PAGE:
I stood there, staring at all of the items on the shelf directly at eye level, wondering what I would get you on your first birthday.  None of the colourful packages “spoke” to me or felt worthy of a gift you give your son on his very first birthday.  None of them were special enough, fun enough, playful enough – just not enough.  Except of course, I didn’t have to worry about that – I would never have to make that decision.  I would never have to buy you anything for your first birthday.  The thought provided relief and sadness.  Relief from the pressure of finding the perfect gift every mother wants to find for their child on their first birthday, first Christmas – first everything.  Sadness from my reality of being relieved from that same pressure.

But after standing there staring blankly and numb at the first birthday gift candidates, I finally made a decision and picked up one that I thought would live up to my expectations. But not for you.

I’ve had to live out that scene twice already since loosing you.  On two separate occasions; weeks apart, I’ve had to shop for presents for two special little boys in celebration of their first birthdays.   I’ve attended two separate first birthday parties for each – a reminder, that both boys, would not only have been actively present in your life, but also consistent markers of your absence in my life.  They will forever be reminders of what life could have been with you.

So what kind of gift does a mom like me get her son on his first birthday?

I always knew this day would come.  The day that marks your first birthday.  The day that marks the inception of the hole within my heart that my soul tends to every single day.  And consciously or subconsciously, I knew that for you, on your first birthday, a gift would have to be different.  It wouldn’t come packaged in a nice colourful box with a smiling poster baby on the outside.  It wouldn’t come with neatly printed step by step instructions on how to put it together. It wouldn’t get wrapped up in bright birthday theme wrap with a twirly ribbon bow.  It couldn’t.

Like my love for you, it had to be delivered in a different way.  A way that would make you proud to be celebrating such a great milestone with us – worlds apart.

So for you my sweet Jude, I offer you on your first birthday the gift of a simple promise.

A promise that your existence will never be forgotten and lives beyond the borders of my heart.  A promise that your name will be woven into everyday conversation.   A promise that you will always hold your place in our family.  A promise that my feet will walk for you.  A promise that your life will never be measured in just 21 short weeks.

A promise that together, we will build a foundation of a legacy that will unravel and transform into something big – something that I couldn’t have imagined if it hadn’t been for you.   Today, the base of the foundation exists in the simple form of a postcard.  It started as a simple ask of keeping your memory alive, by showing you the world; but it has transformed into something beyond that.  It has inspired, humbled, taught, comforted and reminded a community of people all around us to love deeply and live fully.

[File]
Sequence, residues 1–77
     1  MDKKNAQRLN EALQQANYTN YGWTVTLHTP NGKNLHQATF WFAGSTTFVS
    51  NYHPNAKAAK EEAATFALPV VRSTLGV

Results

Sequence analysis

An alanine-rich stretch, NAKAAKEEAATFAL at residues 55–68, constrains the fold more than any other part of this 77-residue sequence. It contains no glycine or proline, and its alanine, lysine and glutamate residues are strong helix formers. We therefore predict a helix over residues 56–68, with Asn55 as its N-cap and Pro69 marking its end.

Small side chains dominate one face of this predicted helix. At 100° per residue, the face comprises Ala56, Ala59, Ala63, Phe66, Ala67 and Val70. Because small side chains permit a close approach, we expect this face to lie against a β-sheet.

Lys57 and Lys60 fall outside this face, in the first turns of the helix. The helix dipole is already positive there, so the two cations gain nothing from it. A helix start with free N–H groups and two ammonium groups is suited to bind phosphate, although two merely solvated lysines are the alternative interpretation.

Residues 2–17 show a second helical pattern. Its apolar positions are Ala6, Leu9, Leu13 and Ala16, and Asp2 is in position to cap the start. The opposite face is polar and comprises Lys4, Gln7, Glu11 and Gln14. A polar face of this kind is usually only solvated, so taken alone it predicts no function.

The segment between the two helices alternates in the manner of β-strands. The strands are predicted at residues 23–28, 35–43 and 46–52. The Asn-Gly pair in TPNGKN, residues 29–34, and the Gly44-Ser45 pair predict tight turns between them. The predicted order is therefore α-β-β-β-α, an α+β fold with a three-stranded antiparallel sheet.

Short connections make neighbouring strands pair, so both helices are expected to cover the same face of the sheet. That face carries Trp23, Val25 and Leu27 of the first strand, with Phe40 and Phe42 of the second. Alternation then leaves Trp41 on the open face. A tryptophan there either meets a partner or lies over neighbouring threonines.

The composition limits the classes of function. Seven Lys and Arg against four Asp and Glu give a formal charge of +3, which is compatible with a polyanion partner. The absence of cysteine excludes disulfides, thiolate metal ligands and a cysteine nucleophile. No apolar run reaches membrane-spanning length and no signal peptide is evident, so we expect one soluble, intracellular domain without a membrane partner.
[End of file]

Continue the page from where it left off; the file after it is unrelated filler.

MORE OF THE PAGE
It’s not much, but it’s a start.

So today, on your very first birthday, I offer you this simple gift of a promise.  A promise of my infinite love which is the spark for the fire, that together, we make burn brightly.

Happy 1st Birthday Jude.

xo mommy

 

 

 

 

 

Mother of a Lost Boy

#judedays, Child loss, Grief, Healing, Parenting, Self Growth

In the days that followed the loss of Jude, people; friends and family alike, in their desperate attempt to grant me comfort, often whispered to me “he’s your angel now – he’s in heaven  – a better place”.  At first, those words did bring some level of comfort, but the more they were repeated to me, the more I wondered; “Is he really?  Is he in a better place?”

To me it seemed strange, that people would assume that heaven would be a better place for my son, than my arms.  Than the arms of one of the two people he had only known his entire life.   I do vividly remember the time my husband and I spent with Jude in the hours that followed his tragic arrival.  I remember thinking that my baby boy had just gone down a different path – one that would lead him to this so called “better place” where he would not know anyone.  Where he would travel the path alone.  Now the catholic girl within me would remind me that he would not be alone, but in that moment, to me, he was alone.  So, unknowingly already practicing my maternal instincts, I whispered to Jude, all of the names of the people that he should search for when he arrived in heaven.  I told him to look for his grandfather, his cousins, his great grandfather and of course, my beloved grandmother who would surely be there, anxiously waiting to scoop him up into her arms.  In that moment, that was what brought me comfort.

In the months that followed, I would again be periodically reminded by the phrase; “he’s in heaven, in a better place”.  The illusion that accompanied that statement was that Jude was delighted to be there.  That he was happy.  That he preferred there instead of here on earth, with the love of his parents.  But what if he didn’t prefer it?  What if he wasn’t happy?  In fact, what if he was just as miserable, sad and feeling as alone as we were? What if even being surrounded by all of those people that I encouraged him to meet, he still felt abandoned.  Felt like a lost boy.